Noise level in village expected to drop in July

By on June 25, 2009

Directional horns at crossings will reduce train-whistle blares
by Martha Quetsch
ELBURN—Wayside horn installation is expected to begin at Elburn’s two downtown freight train crossings Monday, June 29, village officials said.

The project is the result of village officials’ multi-year quest for a way to rid the village of train whistles.

Village trustees agreed in April 2008 to pursue the wayside horn project and later received Federal Railroad Administration approval of the safety measure allowing the village to be a whistle-free zone.

The wayside horns will direct their sound only toward the immediate area of pedestrian and vehicular traffic near the crossings. Trains still will blow their whistles if the wayside horn lights are not functioning, or if the locomotive engineer sees a safety hazard.

The village agreed in April to pay the company Railroad Controls Limited $124,125 for the horns and installation at the First Street and Main Street crossings, and then obtained Illinois Commerce Commission approval for the project with the crossings’ owner, Union Pacific railroad.

Village Administrator Erin Willrett said she did not know whether vehicular traffic would be affected by the horn installation project.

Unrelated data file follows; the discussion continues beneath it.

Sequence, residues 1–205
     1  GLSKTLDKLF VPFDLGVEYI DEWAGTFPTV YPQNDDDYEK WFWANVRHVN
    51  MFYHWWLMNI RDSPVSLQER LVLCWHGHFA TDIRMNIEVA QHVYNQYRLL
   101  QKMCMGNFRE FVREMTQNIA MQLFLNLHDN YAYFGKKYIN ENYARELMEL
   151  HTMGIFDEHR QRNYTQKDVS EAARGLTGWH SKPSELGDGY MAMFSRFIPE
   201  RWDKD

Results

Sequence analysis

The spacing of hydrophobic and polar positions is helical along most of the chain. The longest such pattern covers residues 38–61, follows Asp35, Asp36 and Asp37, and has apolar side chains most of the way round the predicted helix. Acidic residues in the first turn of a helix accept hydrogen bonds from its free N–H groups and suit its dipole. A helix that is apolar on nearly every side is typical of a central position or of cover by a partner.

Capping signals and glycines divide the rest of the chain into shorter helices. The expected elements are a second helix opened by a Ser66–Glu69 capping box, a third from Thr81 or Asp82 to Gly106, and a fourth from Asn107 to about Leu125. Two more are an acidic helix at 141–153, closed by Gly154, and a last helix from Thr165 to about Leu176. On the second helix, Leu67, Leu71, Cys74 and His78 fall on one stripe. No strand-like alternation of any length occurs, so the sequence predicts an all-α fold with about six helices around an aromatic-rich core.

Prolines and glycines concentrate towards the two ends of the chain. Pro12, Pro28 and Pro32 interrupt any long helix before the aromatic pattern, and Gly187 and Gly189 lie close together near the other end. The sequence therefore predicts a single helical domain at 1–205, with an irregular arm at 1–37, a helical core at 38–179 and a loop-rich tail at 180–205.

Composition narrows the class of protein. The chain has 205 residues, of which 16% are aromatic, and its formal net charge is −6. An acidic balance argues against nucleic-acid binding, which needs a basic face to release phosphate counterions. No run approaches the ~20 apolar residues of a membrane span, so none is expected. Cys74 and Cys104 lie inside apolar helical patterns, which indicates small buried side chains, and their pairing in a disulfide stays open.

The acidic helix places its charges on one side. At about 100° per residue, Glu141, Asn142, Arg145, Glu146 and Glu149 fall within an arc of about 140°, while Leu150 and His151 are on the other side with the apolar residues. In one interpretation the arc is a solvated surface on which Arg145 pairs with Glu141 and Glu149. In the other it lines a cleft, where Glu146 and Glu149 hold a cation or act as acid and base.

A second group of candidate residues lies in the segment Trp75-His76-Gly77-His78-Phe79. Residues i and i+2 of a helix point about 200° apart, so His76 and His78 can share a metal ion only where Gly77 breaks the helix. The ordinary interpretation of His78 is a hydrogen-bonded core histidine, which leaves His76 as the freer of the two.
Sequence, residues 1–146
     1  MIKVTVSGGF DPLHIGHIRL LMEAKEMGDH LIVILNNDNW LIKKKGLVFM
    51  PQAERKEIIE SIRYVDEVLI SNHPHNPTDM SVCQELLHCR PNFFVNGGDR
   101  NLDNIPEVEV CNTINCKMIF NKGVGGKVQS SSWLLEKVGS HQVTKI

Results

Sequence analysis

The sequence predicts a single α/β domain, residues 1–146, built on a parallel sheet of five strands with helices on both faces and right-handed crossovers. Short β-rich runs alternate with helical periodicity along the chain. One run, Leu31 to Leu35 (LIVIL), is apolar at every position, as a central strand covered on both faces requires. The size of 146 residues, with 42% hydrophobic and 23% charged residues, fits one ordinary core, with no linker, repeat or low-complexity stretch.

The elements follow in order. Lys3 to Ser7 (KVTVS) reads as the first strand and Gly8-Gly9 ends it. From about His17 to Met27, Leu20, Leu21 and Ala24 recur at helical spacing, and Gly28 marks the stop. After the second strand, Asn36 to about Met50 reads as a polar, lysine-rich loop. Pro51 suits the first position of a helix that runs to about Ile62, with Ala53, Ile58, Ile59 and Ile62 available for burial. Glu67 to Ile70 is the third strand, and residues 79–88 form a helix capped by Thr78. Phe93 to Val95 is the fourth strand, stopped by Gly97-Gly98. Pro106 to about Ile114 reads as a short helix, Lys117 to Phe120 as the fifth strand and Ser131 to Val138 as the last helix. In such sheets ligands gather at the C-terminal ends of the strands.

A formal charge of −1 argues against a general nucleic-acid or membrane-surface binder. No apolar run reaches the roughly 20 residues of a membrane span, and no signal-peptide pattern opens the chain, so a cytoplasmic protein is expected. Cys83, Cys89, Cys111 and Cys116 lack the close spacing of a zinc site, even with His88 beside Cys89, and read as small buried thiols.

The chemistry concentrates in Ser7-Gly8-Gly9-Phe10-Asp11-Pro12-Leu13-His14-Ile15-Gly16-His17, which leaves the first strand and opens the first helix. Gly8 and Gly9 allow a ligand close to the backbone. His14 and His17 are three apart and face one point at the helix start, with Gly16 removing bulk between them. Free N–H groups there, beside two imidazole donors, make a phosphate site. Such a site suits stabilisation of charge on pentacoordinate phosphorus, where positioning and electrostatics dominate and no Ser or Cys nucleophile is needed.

Among the many safety measures village officials studied as ways to comply with federal regulations allowing for a whistle-free zone, the wayside horns was the least expensive, village officials said.

Another measure they considered was installing a center barrier of pylons at the First Street crossing, but they found the potential cost of $400,000 to be prohibitive.

Village-hired engineer will monitor horn project
The village’s Public Works Committee on Monday recommended that the village pay Hanson Engineering $7,995 to manage and monitor the wayside horn construction and installation project performed by the company Railroad Controls Limited.

The committee also reviewed the scope of the company’s role in the 10-day project and agreed that if construction takes longer than 10 days, the village should pay Hanson an additional $550 per additional day for construction monitoring.

Village officials said Hanson will provide daily construction management of work performed by RCL and its subcontractors to make sure it conforms to plans and specifications. Hanson also will monitor and witness the testing and start-up procedures with the Union Pacific (UP) railroad.

The contract with Hanson will require Village Board approval.